Digital Chocolate is a leading provider of social games played across social networks and mobile platforms. The company's top hits include Galaxy Life, Millionaire City, Zombie Lane, Army Attack, Crazy Penguin Wars, Tower Bloxx, and Rollercoaster Rush. The iPhone version of Rollercoaster Rush was a Top Five download in the Apple App Store – and is part of a franchise that has achieved more than 15 million downloads.
Digital Chocolate was the number one software company in App Store downloads in 2009, and was one of the fastest-growing publishers of Facebook social games with virtual goods in 2010. The company was founded in 2003 by Trip Hawkins, the founder of Electronic Arts, and has 300 employees. Headquartered in San Mateo, California, Digital Chocolate works with 200 leading web and mobile channel partners in 80 countries, and has offices in Finland, Spain, and India.
Recognizing the seemingly limitless potential of the social gaming space, Electronic Arts founder Trip Hawkins launched Digital Chocolate in 2003. After staking its claim in the mobile space, the company expanded its focus to online social games. Digital Chocolate quickly became a top game publisher, rapidly launching hit games to rival those of major competitors. To the delight of Digital Chocolate's leadership, the company quickly achieved success in a critical metric for online gaming companies: daily active users (DAUs).
As Digital Chocolate's DAU base grew, however, so did its infrastructure costs. At first, supporting the explosive DAU growth was the company's primary focus. But as the business evolved and the complexity of supporting games increased, it became clear that Digital Chocolate required a more flexible solution to accommodate its needs.
Cut costs and improve profits per game. As Digital Chocolate continued to create new games and support existing ones, the company had to make sure its costs per DAU didn't exceed its revenue per DAU. With Digital Chocolate's incumbent cloud infrastructure provider, sudden bursts of bandwidth usage often drove up costs, jeopardizing the profitability of some games.
Ensure maximum performance. With new users discovering Digital Chocolate each day and games' constantly-changing user base, the company needed to work with a cloud infrastructure specifically built for today's most demanding applications. Digital Chocolate's specific needs? Instant scalability and the highest levels of performance.
Adapt to the company's needs. As Digital Chocolate evaluated potential cloud partners, it presented vendors with a wide variety of unique needs. For instance, due to the unpredictable and fragmented nature of its user base, Digital Chocolate was looking for a cost-effective way to perform iterative load testing, Digital Chocolate asked vendors to present pricing scenarios for various service level agreements (SLAs) -- but most bidders weren't flexible enough to accommodate the company's wishes.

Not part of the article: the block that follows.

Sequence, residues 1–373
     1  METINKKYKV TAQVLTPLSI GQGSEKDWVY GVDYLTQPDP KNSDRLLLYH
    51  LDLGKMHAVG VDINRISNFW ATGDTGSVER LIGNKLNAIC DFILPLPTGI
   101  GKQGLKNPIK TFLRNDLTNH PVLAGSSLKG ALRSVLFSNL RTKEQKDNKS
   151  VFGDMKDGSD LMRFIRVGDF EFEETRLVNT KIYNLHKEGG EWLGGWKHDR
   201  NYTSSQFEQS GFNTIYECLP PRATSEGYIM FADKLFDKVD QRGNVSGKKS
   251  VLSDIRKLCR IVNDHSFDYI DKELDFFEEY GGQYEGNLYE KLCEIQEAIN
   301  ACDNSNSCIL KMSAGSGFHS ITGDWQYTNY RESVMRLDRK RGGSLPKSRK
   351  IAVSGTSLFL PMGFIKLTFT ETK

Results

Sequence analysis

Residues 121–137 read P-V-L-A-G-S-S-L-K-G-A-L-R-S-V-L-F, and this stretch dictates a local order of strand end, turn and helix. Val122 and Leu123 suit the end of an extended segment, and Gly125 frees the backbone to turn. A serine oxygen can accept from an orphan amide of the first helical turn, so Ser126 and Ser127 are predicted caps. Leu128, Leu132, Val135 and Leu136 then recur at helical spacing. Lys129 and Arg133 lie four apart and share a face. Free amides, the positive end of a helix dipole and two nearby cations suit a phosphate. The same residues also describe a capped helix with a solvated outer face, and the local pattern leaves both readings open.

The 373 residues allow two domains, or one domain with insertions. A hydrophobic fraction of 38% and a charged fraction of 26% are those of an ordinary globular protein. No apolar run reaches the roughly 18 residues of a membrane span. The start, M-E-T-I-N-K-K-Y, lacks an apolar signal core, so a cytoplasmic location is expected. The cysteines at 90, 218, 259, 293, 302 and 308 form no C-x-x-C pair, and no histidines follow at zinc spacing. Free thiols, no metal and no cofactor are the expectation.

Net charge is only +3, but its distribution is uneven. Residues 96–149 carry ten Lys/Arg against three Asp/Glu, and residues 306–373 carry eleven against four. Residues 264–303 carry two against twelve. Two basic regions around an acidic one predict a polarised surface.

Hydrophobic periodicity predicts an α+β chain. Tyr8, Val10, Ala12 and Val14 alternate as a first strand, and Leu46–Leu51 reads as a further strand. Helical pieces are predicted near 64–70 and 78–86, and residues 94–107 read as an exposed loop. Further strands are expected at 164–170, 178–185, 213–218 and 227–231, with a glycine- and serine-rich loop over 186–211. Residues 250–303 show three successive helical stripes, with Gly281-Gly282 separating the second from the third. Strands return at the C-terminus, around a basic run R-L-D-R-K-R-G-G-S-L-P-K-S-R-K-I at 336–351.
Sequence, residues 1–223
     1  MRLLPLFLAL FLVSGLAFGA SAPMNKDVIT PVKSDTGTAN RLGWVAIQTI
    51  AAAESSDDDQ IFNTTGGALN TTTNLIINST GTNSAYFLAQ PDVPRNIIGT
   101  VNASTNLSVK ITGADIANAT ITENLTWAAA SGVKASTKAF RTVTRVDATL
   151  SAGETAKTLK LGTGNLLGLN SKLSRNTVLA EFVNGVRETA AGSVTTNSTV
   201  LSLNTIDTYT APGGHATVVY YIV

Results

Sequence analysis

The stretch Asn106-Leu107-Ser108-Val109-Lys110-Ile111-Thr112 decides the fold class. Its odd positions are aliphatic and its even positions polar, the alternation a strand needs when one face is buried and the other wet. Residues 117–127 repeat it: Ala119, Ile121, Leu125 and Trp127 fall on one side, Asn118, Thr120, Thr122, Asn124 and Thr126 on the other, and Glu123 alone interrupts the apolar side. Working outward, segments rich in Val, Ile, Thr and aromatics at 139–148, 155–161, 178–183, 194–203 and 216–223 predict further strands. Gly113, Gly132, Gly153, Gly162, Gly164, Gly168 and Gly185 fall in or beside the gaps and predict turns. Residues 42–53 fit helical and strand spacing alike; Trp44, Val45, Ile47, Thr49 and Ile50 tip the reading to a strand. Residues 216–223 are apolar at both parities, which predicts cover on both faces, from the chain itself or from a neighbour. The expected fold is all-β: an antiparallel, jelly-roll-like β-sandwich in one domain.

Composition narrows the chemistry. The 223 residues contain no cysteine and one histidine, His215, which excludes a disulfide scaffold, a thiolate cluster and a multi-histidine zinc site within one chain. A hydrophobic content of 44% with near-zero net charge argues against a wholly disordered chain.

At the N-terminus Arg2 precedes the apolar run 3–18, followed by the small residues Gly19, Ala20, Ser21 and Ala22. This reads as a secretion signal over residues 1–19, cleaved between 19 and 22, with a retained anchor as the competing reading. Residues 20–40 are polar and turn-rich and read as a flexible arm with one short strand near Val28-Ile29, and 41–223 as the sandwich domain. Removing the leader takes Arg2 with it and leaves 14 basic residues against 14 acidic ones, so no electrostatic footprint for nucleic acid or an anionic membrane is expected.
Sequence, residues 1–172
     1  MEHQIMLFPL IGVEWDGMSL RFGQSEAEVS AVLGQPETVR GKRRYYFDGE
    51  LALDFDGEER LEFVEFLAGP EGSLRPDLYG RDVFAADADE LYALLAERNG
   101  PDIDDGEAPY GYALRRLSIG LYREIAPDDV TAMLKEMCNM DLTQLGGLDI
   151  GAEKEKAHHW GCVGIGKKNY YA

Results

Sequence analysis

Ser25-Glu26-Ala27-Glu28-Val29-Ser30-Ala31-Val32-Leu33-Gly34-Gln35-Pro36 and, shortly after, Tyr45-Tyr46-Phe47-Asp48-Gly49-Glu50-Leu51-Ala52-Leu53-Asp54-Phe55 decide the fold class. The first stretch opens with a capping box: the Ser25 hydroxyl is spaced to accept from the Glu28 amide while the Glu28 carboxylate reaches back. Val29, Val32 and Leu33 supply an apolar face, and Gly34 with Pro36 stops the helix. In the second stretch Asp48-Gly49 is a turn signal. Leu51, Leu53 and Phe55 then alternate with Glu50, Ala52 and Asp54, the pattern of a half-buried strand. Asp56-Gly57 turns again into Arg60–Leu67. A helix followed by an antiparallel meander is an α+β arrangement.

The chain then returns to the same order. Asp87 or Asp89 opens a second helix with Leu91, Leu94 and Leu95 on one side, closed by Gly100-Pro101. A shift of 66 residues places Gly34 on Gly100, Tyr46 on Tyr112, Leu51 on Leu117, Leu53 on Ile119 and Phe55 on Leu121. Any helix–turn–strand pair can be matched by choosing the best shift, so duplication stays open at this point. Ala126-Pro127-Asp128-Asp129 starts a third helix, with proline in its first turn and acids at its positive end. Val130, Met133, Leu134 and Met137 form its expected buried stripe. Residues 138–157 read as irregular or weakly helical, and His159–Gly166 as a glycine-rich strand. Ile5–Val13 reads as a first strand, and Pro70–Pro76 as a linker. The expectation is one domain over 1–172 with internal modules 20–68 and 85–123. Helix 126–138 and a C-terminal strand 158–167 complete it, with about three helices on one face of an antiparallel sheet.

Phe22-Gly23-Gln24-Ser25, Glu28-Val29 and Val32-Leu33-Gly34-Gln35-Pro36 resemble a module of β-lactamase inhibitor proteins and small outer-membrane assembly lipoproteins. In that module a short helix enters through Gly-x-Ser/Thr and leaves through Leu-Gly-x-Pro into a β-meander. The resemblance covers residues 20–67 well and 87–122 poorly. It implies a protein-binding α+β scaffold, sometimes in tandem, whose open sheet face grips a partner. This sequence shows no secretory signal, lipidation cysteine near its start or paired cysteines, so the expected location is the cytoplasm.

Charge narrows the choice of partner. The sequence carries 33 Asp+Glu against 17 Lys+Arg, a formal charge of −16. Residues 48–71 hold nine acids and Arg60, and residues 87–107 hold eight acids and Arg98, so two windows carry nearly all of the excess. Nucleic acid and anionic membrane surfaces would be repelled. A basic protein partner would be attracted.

Joyent approached Digital Chocolate COO Jason Loia with a cloud architecture design that would offer unparalleled efficiency and performance while reducing his company's infrastructure costs by 30 percent or more. Savings like these would allow Digital Chocolate to devote more of its resources to developing games, not just maintaining the infrastructure. Based on his experiences with his incumbent cloud provider's systems and discussions with other providers, Loia was initially skeptical about these promises. But he finally agreed to pilot one of Digital Chocolate's smaller game footprints on Joyent Cloud for a 60-day test.
Within 45 days, Loia was a believer, and had begun migrating Digital Chocolate's entire game portfolio to Joyent. Joyent Cloud delivered the reliability and quality of service Loia had hoped for, while streamlining Digital Chocolate's infrastructure footprint. With Joyent, Loia gained cost predictability, deep visibility "under the hood", and granular control over the exact dials he wanted to control.
A 50 percent reduction in infrastructure costs. Joyent's cost-effectiveness has completely changed Digital Chocolate's cost structure. In fact, the profitability of each of the company's games dramatically improved once Digital Chocolate went live on Joyent. With lower overhead and the ability to project its infrastructure costs each month, the company is now in a much healthier position for sustainable growth.
Reliable performance. Loia believes a cloud provider doesn't really prove itself until the first product roll-out – but he reports that Joyent passed this test with ease. He appreciates Joyent's "solid SLA metrics", no I/O fees, and performance that's "on par with the major incumbents." The key to success? The Joyent cloud extends performance by allowing applications to instantly and automatically burst into large CPU pools at no charge. Each Joyent SmartMachine can burst up to 400 percent instantly to handle large spikes in usage or traffic.
A flexible, supportive partner. "We have unique needs in almost every aspect of our business -- from pricing to SLAs to environments to inter-team communications -- but Joyent stood by its commitments and responded to our needs every step of the way," says Loia. "They truly want to understand our business, and they're always willing to try a new approach if it looks like it will benefit both sides."
Joyent is the high-performance cloud infrastructure company, offering the only solution specifically built to power today's most demanding web and mobile applications.
Companies need a cloud infrastructure that is battle tested and built with instant scalability and performance. Traditional cloud infrastructure just can't meet the demands for instant global scaling. Joyent's cloud infrastructure solution delivers twice the performance and as much as 50 percent lower cost, fundamentally changing the economics of public and private cloud computing.
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